Here sin is understood not moralistically, but ontologically, as ontological selfishness, a refusal to participate in the Yajna. Sin is a refusal to be part of the movement of the cosmic sacrificial wheel. By sin one excommunicate oneself from the center of the cosmos. Such a person is described as unreal (asat). The sacred text Gita says that he who enjoys the blessings of the Yajna and gives nothing in return to it is a “thief. Each human is endowed with an ontological responsibility for the well being of the entire cosmos. Every movement, every action and every gesture of the humans has its cosmic repercussions, either as contributing to the cosmic harmony or as destroying the harmony of the cosmos.
The praxis points of Yajna can be articulated through a few other metaphors viz., dharma (righteousness), karma (action), bhakti (love or devotion) and ahimsa (non-violence). Dharma is a comprehensive word generally meaning holding, holding together, sustaining and maintaining it connotes the source of its holding, holding together, etc. The locus of dharma is the “being” that is held together and which manifests itself through the specific “dharma” constitutive of its nature. And finally this being, in order to be what it is, that is, in order to be true to itself has to realize its own dharma. Hence to speak of dharma is to refer not merely to Man’s ethical and ritual practices but much more to the Nature and the Source of his very being. Dharma comprehends the origin, the development, the interactivity and the final fulfillment. To mention any one of these is implicitly or “operatively” to include the others, much the same way as when one explicitly talks about any one human activity and implicitly presupposes the whole organic being of the human.

It goes against the common understanding of the Spiritual. For it expects the perfect men to delight in, to go in ecstasy over the Welfare of All Beings (Lokasamgraha). Humans are to achieve perfection by delighting in the Welfare of all beings and humans will be perfect when they can take delight in the Welfare of All Beings. Thus perfection is not an individual?s search but a communitarian concern for final Communion. In Bhagavat Gita, Individual perfection is a meaningless phrase because Perfection is communitarian. Communion alone is perfection. [For a detailed discussion of the Concept of Dharma in this connection, please see Francis D’Sa, “Dharma as Delight in Cosmic Welfare: A Study of Dharma in the Gita,” in Biblebhashyam VI (1980), pp. 335-357. For my discussion of theme Dharma in Gita I have relied on Francis D’Sa.]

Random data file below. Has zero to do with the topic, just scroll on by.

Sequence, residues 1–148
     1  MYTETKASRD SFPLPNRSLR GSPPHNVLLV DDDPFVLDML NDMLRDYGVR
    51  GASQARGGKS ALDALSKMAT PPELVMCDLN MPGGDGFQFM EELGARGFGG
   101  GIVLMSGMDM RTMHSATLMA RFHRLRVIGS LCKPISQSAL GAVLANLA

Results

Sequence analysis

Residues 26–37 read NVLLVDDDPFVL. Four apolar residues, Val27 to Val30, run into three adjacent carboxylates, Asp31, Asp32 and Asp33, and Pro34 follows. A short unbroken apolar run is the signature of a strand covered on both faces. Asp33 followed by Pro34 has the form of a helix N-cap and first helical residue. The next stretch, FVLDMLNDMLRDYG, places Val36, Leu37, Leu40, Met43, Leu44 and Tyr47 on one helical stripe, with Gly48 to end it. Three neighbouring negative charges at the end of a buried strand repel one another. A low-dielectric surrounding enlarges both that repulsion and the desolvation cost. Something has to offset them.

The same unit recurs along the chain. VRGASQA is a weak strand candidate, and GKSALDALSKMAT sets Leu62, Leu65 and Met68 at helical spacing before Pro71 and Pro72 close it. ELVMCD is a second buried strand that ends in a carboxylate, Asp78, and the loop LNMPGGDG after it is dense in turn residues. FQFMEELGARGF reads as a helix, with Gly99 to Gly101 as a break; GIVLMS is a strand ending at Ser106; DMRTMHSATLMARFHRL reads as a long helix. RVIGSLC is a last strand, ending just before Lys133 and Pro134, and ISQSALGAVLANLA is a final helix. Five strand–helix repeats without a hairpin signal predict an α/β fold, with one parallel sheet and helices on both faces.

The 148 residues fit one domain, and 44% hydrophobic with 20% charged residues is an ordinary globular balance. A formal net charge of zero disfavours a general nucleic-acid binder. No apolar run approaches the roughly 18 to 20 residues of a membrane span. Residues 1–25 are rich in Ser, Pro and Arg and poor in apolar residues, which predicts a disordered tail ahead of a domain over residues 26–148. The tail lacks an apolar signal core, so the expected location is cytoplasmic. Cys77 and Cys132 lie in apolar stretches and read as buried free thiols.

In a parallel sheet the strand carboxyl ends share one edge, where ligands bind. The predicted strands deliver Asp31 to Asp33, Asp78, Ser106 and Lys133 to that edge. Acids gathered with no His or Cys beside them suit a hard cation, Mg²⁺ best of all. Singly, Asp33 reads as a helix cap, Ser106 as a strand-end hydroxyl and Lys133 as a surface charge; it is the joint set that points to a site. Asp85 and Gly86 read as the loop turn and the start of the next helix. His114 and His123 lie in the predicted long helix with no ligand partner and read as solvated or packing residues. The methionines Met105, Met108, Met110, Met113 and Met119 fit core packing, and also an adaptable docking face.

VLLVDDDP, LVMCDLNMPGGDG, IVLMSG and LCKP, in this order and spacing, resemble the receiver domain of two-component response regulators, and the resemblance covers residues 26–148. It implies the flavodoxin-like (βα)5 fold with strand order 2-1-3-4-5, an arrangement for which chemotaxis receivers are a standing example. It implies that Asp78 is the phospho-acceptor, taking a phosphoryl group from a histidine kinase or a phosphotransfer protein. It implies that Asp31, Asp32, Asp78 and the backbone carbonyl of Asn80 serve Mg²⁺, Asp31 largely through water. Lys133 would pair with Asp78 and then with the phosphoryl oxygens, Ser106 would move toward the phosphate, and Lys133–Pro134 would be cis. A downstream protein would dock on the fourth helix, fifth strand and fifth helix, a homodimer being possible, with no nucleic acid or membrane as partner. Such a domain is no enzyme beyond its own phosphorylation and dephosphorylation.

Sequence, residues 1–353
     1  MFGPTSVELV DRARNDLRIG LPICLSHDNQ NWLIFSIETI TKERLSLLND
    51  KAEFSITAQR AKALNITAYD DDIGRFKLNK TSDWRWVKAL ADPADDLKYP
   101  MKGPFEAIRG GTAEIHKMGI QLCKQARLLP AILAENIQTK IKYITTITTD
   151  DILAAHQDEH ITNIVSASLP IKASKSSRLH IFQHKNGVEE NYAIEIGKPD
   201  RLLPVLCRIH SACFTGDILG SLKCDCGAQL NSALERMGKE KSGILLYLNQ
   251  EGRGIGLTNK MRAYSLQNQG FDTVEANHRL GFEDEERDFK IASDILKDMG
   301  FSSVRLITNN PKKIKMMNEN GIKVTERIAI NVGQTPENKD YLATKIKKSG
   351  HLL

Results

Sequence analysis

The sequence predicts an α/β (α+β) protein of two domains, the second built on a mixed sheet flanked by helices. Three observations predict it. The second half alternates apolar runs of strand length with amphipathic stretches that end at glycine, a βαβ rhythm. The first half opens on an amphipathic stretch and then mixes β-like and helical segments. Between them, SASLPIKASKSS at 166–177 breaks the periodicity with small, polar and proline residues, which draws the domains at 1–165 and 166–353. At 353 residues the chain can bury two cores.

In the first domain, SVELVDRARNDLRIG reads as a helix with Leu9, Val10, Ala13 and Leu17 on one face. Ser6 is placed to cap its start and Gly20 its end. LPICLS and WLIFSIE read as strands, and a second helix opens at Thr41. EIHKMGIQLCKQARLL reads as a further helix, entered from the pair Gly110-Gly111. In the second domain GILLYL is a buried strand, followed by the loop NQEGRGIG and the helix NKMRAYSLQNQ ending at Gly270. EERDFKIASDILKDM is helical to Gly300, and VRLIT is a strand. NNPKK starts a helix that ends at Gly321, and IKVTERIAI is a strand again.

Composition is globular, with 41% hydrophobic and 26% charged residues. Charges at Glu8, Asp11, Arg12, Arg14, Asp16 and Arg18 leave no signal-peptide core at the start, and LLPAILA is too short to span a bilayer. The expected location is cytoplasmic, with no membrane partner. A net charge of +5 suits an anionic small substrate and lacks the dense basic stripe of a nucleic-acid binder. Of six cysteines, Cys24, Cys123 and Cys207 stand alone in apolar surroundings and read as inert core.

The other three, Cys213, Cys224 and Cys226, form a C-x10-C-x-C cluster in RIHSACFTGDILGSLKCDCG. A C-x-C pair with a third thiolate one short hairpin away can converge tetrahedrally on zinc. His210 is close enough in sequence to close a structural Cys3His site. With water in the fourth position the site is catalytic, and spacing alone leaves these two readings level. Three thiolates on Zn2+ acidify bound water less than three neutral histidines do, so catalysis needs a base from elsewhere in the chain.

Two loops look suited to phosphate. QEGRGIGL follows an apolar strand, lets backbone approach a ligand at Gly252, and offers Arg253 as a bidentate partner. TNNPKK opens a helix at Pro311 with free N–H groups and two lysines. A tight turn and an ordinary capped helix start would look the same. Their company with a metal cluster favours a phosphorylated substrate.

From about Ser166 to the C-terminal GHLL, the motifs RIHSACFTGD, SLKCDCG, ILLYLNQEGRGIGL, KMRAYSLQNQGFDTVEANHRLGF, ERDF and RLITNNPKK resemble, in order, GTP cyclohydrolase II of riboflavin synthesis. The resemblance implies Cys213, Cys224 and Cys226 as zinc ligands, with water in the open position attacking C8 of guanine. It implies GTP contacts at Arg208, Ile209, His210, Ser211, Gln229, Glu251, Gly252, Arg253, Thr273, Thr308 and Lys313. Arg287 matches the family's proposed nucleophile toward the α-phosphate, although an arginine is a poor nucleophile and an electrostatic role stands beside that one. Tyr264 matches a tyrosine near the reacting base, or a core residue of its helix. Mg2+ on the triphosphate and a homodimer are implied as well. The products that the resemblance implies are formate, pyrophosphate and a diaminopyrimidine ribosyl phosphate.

If the Dharma of the Supreme Lord is to hold together this Cosmos in being, then the Dharma of human is nothing other than remaining faithful to this being-held-together. The Gita teaches how to do this through the margas or ways of Karma (action) and Bhakti (Love). As the word suggests this marga has to do with doing, work and activity. Attachment is another word for selfishness and karma marga proposes an attitude of mind through which renunciation in, not of, action is practiced. This renunciation is of the fruit of action. Karma marga says the action has to be done for the simple reason that it has to be done and not because of the results it produces. Whether it is the action or ritual or that of everyday life, it has to be done because it is necessary and not because it is pleasurable. Renunciation of the fruit or result of action means the pleasure or pain that flows from it and not the effects that follow. We are asked to renounce not the digestive process that follows from eating but the pleasure that eating gives. More precisely still, it is not the pleasure or pain that is denied, but what is expected of us is that we do not make them the motive for our eating; we eat and we eat what we eat not because it is pleasurable but because we have to eat what is set before us. And when there is a choice of food we make the choice not on the grounds of the food being pleasurable or not pleasurable but on the basis of health, economy, etc.